And I thought, “oh”.

I realised that after 80 days of talking about my substance abuse problem, I still had a soft plan to use again. That was the moment I said to myself, “I might have a problem. I need to do something about it.”

Rehab was really hard.

I was still really suffering from psychosis, even after I had stopped using. I had that going on and was thinking, if this is going to be my life forever, I may as well keep using.

I had to ask for help.

I had to talk about my feelings.

I had to talk about my past.

I had to socialise with others.

I had to cook for myself.

I had to keep something tidy.

I had to wake up at the same time every day.

I had to go to class.

I honestly hated rehab.

I was still isolating myself too – I thought “No one knows what I’ve been through, no one can relate”.

Finishing up at rehab, I was in a great mood. I was really excited to be doing the transitional housing program. I could live in sunny Queensland, maybe go to the beach and surf, be away from all the shit in Victoria, and most importantly, I wouldn’t be allowed drugs or alcohol.

I wouldn’t be where I am now without rehab, even if it was really hard. But if I hadn’t completed the transitional housing program, I wouldn’t have made it this far either.

There were some hard lessons I needed to learn, and if I hadn’t been in the transition house being held accountable, I really would have fallen backwards.

When I told my family I was doing transition and wasn’t coming home to Victoria, they were like “Why?! He’s disappearing again”. But I admitted to them, I really have a problem and I want to stay up here to do something about it.

That was the first time I had admitted I have a problem, and hearing that, they were very happy for me to stay up here.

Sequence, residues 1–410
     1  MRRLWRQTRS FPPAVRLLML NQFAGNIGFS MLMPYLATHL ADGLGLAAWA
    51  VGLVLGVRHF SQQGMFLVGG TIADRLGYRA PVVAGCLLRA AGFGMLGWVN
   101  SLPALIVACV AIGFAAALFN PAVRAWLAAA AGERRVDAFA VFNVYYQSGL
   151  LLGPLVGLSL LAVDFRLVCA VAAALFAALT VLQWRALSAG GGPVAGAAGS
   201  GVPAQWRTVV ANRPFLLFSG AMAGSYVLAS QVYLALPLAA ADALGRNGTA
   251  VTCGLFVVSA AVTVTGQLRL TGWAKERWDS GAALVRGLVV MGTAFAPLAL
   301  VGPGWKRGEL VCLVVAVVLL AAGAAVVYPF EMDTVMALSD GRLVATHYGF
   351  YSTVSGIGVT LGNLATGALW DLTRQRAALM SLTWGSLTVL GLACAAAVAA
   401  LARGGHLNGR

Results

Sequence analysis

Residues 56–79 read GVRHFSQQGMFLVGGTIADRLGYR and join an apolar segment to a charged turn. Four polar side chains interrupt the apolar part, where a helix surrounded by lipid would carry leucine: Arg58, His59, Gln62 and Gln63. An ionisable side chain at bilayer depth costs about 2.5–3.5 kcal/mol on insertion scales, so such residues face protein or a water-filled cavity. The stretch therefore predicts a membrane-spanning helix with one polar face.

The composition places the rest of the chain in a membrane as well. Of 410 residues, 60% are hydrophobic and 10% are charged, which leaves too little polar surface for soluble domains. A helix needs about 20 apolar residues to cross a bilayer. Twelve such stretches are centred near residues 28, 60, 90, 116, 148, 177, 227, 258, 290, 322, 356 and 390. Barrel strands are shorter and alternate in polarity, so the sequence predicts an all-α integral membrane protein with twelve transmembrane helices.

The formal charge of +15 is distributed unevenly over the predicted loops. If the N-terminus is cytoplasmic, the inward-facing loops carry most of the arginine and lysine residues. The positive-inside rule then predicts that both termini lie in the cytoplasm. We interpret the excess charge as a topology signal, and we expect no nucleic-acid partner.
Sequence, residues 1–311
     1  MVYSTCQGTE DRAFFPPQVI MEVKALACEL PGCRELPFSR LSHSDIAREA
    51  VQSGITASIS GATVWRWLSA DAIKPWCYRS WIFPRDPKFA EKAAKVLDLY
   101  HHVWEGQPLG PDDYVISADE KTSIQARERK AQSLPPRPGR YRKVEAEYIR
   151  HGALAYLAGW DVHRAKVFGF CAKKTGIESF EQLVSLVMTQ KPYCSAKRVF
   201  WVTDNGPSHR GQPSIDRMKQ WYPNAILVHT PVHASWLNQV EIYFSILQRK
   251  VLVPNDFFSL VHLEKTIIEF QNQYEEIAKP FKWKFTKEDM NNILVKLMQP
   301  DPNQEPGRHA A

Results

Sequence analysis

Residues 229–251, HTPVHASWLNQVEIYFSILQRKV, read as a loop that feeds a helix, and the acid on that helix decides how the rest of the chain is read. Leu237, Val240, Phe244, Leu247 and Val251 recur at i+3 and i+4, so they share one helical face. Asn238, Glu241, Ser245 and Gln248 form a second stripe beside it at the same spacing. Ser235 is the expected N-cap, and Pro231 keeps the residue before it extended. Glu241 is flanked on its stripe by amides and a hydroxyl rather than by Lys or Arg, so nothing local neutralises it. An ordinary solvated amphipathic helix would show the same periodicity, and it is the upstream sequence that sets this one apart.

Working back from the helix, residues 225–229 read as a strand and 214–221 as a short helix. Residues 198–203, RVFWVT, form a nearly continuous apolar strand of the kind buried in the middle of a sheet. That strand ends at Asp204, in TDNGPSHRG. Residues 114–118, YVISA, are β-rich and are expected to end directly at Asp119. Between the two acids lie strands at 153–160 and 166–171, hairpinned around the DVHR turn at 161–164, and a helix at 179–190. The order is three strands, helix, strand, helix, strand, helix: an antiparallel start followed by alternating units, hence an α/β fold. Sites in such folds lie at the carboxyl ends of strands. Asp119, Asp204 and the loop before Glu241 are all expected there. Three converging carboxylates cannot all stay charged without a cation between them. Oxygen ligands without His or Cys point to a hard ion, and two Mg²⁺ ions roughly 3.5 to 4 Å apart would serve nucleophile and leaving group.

Narcotics Anonymous has been awesome. Most of my closest friends are in the rooms with me. I’m not isolated anymore.

Doing the drug testing, doing the “musts” of the program, and being held accountable was really great for me. I needed it, and I was glad it was pen and paper, and “I’m doing what I’m saying I’ll do”.

I talk to my family much more often now. I mended a lot of those relationships. There were some that hadn’t been there at all but now are, some on the mend, and I have a way better relationship with my parents now.

Now, I’m about to become a dad. My partner was supposed to deliver yesterday, but that didn’t happen. It’ll be any moment now.

I’m excited and nervous. It’s going to be a little baby girl.

My partner and I met through the rooms (group meetings)– when I was halfway through transition.

We both deeply understand that experience and the importance of doing something about it.

We encourage each other lots through our step work, but don’t focus too much on our trauma. We’ve got bigger and better things to focus on now.